A cork, say from a wine bottle, is held by a robotic clamp at the bottom of a bucket of water and released the moment the bucket is dropped off the side of a tall building. What will happen to the cork during the fall? Will it float to the top of the bucket normally, slower than normal, faster than normal, or not at all?
Assume that there is no air resistance to slow the bucket down.
When in free fall, any object is acting the same as an object in orbit, as that's what an orbit is: free fall. To "simulate" (actually replicate) zero-g conditions, astronauts get some training in a plane they call the "vomit comet", which is flown on a parabolic arc, the same as if it were in free-fall in a vacuum, and the occupants feel the equivalent of zero-g (relative to the walls of their container).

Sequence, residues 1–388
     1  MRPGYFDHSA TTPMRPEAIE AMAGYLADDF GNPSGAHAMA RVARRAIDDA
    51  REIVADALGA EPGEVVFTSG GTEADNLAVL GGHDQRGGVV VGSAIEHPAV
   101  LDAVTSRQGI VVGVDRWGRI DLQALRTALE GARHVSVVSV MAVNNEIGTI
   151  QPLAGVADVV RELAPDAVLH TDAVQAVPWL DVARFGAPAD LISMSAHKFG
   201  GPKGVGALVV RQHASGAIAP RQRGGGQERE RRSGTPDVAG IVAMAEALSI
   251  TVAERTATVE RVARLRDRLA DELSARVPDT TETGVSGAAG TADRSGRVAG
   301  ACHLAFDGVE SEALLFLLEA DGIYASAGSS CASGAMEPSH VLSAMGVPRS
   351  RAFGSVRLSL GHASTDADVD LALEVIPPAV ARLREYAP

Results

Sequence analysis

In fact the parabolic arc of a thrown object in a vacuum is parabolic only if we consider the ground to be flat. It's really a piece of an ellipse--an orbit. Anything within it perceives zero-g relative to the walls of the container.
So as for gravitational effects, the cork would not float to the top. Of course there might be random eddies in the water, thermal fluctuations causing pushes here and there, and tiny effects of Brownian motion, but no gravitational effect within the bucket with regard to the walls of the bucket.
Posted by Charlie
on 2003-03-26 07:55:17